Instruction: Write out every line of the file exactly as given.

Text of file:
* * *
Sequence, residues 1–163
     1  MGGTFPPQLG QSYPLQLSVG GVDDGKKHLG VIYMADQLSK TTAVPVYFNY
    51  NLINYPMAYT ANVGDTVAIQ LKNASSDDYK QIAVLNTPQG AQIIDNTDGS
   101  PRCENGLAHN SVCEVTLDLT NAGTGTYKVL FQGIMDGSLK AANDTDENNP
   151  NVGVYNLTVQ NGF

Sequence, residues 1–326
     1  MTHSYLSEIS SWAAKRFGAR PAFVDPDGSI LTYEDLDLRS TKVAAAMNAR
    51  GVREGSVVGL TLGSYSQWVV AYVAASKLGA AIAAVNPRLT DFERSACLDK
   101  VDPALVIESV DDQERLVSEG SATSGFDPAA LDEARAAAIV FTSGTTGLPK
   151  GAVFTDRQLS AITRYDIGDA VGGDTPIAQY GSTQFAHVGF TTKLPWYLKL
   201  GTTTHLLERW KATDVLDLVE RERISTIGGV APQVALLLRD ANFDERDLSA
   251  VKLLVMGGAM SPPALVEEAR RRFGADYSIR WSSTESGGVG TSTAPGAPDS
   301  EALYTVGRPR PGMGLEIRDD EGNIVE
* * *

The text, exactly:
Sequence, residues 1–163
     1  MGGTFPPQLG QSYPLQLSVG GVDDGKKHLG VIYMADQLSK TTAVPVYFNY
    51  NLINYPMAYT ANVGDTVAIQ LKNASSDDYK QIAVLNTPQG AQIIDNTDGS
   101  PRCENGLAHN SVCEVTLDLT NAGTGTYKVL FQGIMDGSLK AANDTDENNP
   151  NVGVYNLTVQ NGF

Sequence, residues 1–326
     1  MTHSYLSEIS SWAAKRFGAR PAFVDPDGSI LTYEDLDLRS TKVAAAMNAR
    51  GVREGSVVGL TLGSYSQWVV AYVAASKLGA AIAAVNPRLT DFERSACLDK
   101  VDPALVIESV DDQERLVSEG SATSGFDPAA LDEARAAAIV FTSGTTGLPK
   151  GAVFTDRQLS AITRYDIGDA VGGDTPIAQY GSTQFAHVGF TTKLPWYLKL
   201  GTTTHLLERW KATDVLDLVE RERISTIGGV APQVALLLRD ANFDERDLSA
   251  VKLLVMGGAM SPPALVEEAR RRFGADYSIR WSSTESGGVG TSTAPGAPDS
   301  EALYTVGRPR PGMGLEIRDD EGNIVE